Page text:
- Trustee 1751-1779
Thomas Cadwalader was born into a Quaker Philadelphia family with a background in business, teaching, and medicine. After studying medicine with his uncle, Dr. Evan Jones, he traveled to London to study further.
After his return to Philadelphia in 1731, he became active in inoculating people during the smallpox epidemic of the late 1730s. He also performed dissections when opportunities arose. His best known published medical work is his 1745 tract describing lead poisoning, including three case studies; Cadwalader believed that many people became poisoned through Jamaican rum, which was distilled in lead pipes. In 1751 he became one of the original subscribers and physicians of Pennsylvania Hospital and later, when Penn opened its medical department in 1765, Cadwalader was elected a trustee.
In addition to his work as a physician, Cadwalader was politically active. In 1746, while a resident of Trenton, he became its chief burgess. After returning to Philadelphia, he was elected in 1751 to the city’s Common Council. He served on Pennsylvania’s Provincial Council from 1755 until the Revolution. During the French and Indian War, he was a strong supporter of military defense. He felt strongly enough about the necessity for armed forces that he donated a large sum of his own money to the purpose, which the nonviolent Quaker-controlled Assembly refused to allot. When the American Revolution erupted, he was a strong supporter of the American cause despite his advanced age. He, with Doctors Bond, Rush, and Shippen, formed a committee to examine all candidates for positions as surgeons in the Navy.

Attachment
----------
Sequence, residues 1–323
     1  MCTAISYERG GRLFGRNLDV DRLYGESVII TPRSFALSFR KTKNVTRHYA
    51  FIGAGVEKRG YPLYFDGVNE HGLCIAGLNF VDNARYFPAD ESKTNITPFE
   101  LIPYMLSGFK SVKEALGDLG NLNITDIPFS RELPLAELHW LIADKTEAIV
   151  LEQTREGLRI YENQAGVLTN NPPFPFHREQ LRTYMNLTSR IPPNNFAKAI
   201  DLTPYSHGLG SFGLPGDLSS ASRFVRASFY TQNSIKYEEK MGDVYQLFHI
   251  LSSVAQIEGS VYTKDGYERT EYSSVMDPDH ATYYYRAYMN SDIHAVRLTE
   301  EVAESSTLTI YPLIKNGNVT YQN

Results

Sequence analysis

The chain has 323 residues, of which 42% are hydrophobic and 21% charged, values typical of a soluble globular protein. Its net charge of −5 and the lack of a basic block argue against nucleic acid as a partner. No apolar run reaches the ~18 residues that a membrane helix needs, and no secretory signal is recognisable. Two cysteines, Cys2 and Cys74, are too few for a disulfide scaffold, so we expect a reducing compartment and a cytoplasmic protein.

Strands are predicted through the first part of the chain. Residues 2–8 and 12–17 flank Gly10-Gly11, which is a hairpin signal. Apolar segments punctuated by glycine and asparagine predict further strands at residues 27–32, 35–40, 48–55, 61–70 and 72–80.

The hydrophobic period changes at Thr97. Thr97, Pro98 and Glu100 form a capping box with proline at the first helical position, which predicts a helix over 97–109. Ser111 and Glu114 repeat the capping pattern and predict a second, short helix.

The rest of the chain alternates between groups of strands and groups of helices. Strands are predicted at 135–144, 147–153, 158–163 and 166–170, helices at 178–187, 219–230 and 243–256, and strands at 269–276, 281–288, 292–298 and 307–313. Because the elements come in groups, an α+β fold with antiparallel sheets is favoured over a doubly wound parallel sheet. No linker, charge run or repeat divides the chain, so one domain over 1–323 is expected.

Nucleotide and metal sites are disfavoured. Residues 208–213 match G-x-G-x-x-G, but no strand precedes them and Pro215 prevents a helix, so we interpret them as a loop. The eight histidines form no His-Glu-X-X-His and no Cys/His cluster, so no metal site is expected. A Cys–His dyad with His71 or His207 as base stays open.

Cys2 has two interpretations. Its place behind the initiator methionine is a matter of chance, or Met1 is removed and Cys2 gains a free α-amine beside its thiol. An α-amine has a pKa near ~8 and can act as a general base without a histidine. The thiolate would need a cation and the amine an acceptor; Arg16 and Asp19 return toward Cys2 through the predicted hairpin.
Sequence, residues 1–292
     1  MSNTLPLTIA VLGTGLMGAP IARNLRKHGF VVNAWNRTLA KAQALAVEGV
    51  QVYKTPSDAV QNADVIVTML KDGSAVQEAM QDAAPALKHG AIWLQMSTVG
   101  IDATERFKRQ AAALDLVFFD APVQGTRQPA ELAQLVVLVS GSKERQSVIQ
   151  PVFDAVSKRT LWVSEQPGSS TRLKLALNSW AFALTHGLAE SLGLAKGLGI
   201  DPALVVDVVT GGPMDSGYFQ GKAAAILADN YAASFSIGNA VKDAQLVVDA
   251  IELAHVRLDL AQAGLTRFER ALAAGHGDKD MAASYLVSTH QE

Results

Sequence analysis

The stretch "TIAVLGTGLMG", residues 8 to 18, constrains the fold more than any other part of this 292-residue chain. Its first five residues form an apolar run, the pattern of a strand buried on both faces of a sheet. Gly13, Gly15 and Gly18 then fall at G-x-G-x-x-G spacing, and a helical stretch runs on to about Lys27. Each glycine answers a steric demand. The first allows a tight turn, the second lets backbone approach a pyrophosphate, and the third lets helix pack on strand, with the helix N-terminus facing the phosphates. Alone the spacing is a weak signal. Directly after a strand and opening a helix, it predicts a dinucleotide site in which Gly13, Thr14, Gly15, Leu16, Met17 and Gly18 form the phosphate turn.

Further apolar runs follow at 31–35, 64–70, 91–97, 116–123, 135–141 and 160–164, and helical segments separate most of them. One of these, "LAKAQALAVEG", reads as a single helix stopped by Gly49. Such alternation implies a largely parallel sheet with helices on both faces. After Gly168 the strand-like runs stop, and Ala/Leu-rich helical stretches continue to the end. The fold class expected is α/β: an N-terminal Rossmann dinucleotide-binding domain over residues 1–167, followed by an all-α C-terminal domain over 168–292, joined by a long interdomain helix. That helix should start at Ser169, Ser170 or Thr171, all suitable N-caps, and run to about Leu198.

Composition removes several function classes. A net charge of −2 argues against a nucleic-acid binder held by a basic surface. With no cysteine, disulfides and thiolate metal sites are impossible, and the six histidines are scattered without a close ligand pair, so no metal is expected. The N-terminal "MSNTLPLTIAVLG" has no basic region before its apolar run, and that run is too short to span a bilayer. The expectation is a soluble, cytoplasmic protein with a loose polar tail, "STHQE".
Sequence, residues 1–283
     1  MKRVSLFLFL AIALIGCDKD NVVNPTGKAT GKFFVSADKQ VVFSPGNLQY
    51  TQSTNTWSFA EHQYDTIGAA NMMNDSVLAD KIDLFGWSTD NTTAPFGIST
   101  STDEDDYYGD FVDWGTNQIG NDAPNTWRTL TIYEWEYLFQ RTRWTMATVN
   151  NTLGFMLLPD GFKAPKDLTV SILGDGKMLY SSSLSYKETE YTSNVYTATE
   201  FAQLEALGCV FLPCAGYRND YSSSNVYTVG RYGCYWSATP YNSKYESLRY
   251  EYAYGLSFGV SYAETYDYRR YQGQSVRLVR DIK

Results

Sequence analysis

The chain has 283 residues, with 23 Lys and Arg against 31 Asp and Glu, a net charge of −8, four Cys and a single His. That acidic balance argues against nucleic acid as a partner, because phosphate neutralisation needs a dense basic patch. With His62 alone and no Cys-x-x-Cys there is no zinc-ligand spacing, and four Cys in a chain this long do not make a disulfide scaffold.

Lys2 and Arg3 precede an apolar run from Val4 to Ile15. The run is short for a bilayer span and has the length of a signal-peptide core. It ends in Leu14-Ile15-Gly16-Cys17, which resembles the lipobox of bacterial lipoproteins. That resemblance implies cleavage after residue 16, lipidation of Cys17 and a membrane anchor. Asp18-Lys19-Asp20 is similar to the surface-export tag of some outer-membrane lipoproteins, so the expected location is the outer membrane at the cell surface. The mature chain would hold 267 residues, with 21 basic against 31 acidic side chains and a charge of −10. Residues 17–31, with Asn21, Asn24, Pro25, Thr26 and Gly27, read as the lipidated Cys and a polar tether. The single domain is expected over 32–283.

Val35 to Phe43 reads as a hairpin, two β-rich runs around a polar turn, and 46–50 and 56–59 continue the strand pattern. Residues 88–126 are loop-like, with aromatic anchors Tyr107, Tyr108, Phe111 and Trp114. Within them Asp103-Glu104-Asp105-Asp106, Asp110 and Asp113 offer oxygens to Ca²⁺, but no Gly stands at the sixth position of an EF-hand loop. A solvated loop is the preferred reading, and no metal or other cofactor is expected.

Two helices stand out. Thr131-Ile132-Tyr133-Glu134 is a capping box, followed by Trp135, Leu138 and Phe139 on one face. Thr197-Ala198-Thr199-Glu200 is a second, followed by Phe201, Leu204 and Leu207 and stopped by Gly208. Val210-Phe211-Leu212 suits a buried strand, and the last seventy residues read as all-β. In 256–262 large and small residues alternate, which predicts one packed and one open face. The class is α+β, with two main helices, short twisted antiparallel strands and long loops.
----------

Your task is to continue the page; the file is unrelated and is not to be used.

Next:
Cadwalader was active in cultural affairs. Besides his roles in the College of Philadelphia and Pennsylvania Hospital, he was a founder and director of the Library Company and a member of the American Philosophical Society and the Society for Promoting Useful Knowledge.